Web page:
Back in Russia and Poland, Jews would prepare cheese kreplach served with fried onions or a dusting of sugar, sometimes sour cream or perhaps a bit of jam. The name, size and shape of the dumplings might vary depending on the region. I've prepared mine with a filling of goat cheese and za'atar, putting a Mediterranean twist on the Eastern European dish. As for toppings, I've used fried onions, leftover goat cheese instead of sour cream and plum jam. Yes, all three. The combination of flavors works surprisingly well.
Other traditional ways to serve kreplach include frying them with onions, or boiling them and then serving them in soup. Kreplach can be stuffed with potatoes, beef, or chicken liver. You could alternatively make a sort of kreplach lasagne, layering sheets of fresh pasta with filling and toppings.<<< Less
10 ozsoft goat cheese (chevre), or other cheese of similar consistency 1 Tablespoonza'atar or other herb such as dill, parsley, chives, oregano salt and white pepper to taste 1small egg
1 3/4 cupsall-purpose flour 2large eggs lukewarm water, if necessary
goat cheese or sour cream or smetana 1-2diced onions butter good plum jam (should be a little loose)
Preparing the filling: In a large bowl, crumble in the cheese. Add the za'atar or other herb.
Season to taste with salt and white pepper. Taste and correct seasoning. Add a beaten egg and stir to combine.
Making the dough: On a large, clean flat surface (a wooden table would be good), make a hill of flour. Form a well in the center of the hill.
Beat the eggs lightly and pour them into the well. Begin mixing the flour into the eggs with a fork.
At some point, you'll want to use your hands to mix the egg and flour. If the mixture appears dry, add a little lukewarm water (1 or 2 tablespoons). My dough was moist with just the egg.
Knead the dough well, then let sit covered with a bowl or plastic wrap for 30 minutes.
Rolling the dough: Separate the dough into two parts, leaving one portion under the bowl. Take the other half and begin to flatten and stretch it a bit with your hands.
Flour your surface and start rolling. You can use a pasta machine for this part. Roll the dough into an oblong shape rather than a circle. Be sure to move your dough frequently so that it doesn't stick to the surface. Flour your surface just enough to keep the dough from sticking. You can patch any holes or cracks.
Roll until you can't roll anymore, and then roll a bit more. You want to get your dough as thin and smooth as possible. Remember, the pasta will absorb water and expand when cooked. Feel the thickness of your dough and try to imagine what it might taste like when cooked. If it tastes like a mouthful of dough, you need to keep rolling.
When finished rolling, you might want to sprinkle a little water on the dough if it looks a bit dry.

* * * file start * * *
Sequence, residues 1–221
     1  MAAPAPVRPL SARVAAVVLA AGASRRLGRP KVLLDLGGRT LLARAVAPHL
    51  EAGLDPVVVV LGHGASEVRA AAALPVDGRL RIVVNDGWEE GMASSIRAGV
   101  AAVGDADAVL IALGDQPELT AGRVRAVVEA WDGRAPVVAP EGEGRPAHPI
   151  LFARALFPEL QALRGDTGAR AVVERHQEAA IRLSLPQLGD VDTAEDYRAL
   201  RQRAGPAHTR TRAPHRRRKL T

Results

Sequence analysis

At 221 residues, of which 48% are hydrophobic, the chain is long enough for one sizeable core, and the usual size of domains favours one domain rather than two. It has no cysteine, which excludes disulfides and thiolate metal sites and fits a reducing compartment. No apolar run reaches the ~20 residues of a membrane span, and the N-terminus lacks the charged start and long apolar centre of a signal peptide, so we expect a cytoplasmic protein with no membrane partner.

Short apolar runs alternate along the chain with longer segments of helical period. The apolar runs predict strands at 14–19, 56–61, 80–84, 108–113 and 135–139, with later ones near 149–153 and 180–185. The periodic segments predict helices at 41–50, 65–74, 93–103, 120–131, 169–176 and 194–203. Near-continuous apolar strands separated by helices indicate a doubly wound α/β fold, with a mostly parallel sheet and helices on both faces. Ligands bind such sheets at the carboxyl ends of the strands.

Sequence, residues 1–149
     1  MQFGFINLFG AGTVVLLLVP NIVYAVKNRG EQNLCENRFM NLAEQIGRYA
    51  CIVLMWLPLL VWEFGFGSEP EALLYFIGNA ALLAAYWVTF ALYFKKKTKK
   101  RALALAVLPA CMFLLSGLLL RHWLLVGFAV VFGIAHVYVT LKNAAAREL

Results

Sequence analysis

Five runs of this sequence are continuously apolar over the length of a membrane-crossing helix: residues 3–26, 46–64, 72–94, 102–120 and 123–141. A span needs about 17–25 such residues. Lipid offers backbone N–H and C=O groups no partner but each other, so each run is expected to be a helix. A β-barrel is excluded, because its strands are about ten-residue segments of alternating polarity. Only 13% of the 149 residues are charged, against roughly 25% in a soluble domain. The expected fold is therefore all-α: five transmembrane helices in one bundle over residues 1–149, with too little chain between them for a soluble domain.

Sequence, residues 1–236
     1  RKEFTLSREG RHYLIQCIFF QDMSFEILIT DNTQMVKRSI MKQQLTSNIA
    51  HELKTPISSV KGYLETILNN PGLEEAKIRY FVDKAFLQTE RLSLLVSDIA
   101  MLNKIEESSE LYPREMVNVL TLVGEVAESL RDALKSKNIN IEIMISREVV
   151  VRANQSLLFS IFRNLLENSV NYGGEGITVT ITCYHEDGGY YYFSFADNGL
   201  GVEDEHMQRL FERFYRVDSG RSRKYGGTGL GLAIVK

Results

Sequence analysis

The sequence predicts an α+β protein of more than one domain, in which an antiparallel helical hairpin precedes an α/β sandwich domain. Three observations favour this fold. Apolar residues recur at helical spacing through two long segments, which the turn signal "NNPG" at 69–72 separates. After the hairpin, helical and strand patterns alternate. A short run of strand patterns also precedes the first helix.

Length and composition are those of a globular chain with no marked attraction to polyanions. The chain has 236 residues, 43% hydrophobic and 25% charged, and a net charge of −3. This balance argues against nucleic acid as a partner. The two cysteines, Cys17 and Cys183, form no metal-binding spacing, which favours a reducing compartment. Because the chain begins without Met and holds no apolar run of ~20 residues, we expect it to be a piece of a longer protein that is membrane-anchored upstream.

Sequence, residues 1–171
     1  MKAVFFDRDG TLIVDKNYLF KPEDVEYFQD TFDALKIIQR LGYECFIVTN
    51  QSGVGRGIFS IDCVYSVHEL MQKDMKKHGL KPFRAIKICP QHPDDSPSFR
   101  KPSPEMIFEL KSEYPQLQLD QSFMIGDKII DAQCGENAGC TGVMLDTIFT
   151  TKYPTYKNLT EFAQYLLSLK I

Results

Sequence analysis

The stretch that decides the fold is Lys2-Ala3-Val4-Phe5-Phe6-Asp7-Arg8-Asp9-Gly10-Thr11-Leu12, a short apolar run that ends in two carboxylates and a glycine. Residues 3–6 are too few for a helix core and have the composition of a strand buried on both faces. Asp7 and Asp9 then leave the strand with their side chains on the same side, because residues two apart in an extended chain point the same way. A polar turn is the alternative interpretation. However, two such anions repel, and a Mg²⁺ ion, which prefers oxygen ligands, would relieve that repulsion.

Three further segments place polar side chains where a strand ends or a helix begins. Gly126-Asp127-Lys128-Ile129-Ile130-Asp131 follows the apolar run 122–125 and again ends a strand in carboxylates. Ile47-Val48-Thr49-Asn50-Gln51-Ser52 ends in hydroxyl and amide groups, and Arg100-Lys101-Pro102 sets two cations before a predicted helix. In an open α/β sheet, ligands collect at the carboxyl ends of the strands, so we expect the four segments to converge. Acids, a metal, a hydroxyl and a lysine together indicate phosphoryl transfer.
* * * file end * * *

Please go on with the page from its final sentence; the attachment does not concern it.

Cutting the dough: Use a glass with a 3 inch diameter to cut circles of dough. Use a dull knife to help cut the dough if necessary. Try to minimize the space between each circle of dough so as to avoid excess scrap dough.
When finished cutting the circles, collect the scraps and mush them into a ball. Place the ball under the bowl of resting dough.
Filling and shaping the dumplings: With a barely damp pastry brush, brush one circle with a little water, mostly around the edges.
Place about a teaspoon of filling in the center of the circle.
Bring one end of the dough over the other in a half circle sandwich of dough and filling. Use your fingers to press the edges of the dough from one edge of the semi-circle to the other, while gently smoothing out any air bubbles along the edge of the filling. Dance your fingers along the edges again to get a good seal.
You can stop here, or you can continue folding the edges tortellini style. To do this: o Brush a little water on one tip of the semi-circle. o Then gently wrap the tips over your forefinger, the wet tip under the dry one. o Use your thumb to squeeze the tips against your forefinger, sealing them together. o Remove your forefinger, and gently squish the tips the other way (vertically).
Place the dumpling on a lightly floured plate. (I used two plates for my dumplings, simply to avoid the hassle of stacking them on top of each other, in case they stuck.)
Repeat for the remaining dough circles.
Take out the second piece of dough and follow the rolling, cutting, filling and shaping instructions. You can ball up and roll out the scraps too, or slice them into jagged, randomly shaped noodles. These can be cooked briefly before boiling the kreplach. Drain and slather with butter for snacking on while the kreplach cook.
Cooking the dumplings: In a large skillet, melt some butter and fry the chopped onions on a medium to low flame until golden brown.
Boil heavily salted water for the dumplings. When the water is boiling gently, tip the plates of dumplings into the pot.
Agitate the pot lightly so that the dumplings don't stick to the bottom of the pot. Cook until the kreplach float to the top.
Remove the kreplach with a slotted spoon, draining the water.
Top with fried onions, cheese or sour cream, and finally plum jam.
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Shelly Butcher is a technical writer by day and a foodblogger by night. Currently residing in Oakland, CA, Shelly previously lived in Israel for twelve years, where she ate Israeli, Lebanese, Iraqi, Uzbeki, Persian, Moroccan, Yemeni, Turkish, Romanian, Greek, and Egyptian food. She blogs at an open cupboard.